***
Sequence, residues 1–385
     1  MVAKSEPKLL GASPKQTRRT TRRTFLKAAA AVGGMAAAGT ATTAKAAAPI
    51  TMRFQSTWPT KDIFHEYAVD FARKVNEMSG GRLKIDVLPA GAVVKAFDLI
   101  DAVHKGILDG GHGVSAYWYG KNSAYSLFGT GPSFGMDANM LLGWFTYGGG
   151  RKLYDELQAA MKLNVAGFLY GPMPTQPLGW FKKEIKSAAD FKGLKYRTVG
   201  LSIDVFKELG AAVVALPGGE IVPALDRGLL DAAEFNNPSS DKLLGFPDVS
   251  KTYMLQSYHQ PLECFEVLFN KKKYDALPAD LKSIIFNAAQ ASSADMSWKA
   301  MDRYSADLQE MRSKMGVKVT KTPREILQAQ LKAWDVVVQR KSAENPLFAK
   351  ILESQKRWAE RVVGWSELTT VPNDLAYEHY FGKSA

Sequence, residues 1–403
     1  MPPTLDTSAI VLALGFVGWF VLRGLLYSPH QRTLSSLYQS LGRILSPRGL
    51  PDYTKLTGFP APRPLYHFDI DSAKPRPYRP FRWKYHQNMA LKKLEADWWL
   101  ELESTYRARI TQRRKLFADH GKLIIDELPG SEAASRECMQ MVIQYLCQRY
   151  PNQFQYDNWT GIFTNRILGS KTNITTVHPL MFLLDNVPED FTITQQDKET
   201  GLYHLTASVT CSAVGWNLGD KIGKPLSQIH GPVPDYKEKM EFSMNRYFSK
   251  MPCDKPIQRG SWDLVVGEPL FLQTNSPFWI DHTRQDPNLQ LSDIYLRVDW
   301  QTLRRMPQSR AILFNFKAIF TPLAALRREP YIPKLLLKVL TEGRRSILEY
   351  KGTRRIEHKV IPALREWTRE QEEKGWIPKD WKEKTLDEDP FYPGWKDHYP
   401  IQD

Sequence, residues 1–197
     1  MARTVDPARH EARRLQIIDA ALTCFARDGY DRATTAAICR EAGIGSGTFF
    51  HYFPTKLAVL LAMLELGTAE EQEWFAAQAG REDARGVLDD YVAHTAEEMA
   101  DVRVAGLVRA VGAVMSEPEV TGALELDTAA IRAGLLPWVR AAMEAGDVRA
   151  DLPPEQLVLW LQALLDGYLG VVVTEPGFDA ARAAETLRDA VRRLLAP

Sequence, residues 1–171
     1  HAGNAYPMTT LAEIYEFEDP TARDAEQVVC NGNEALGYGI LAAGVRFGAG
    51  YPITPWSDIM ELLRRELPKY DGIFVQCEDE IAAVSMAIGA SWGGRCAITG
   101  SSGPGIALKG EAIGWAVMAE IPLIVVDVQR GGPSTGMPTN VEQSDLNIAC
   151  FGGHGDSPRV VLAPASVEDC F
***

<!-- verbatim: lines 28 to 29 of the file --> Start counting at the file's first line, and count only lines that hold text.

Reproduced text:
   101  SSGPGIALKG EAIGWAVMAE IPLIVVDVQR GGPSTGMPTN VEQSDLNIAC
   151  FGGHGDSPRV VLAPASVEDC F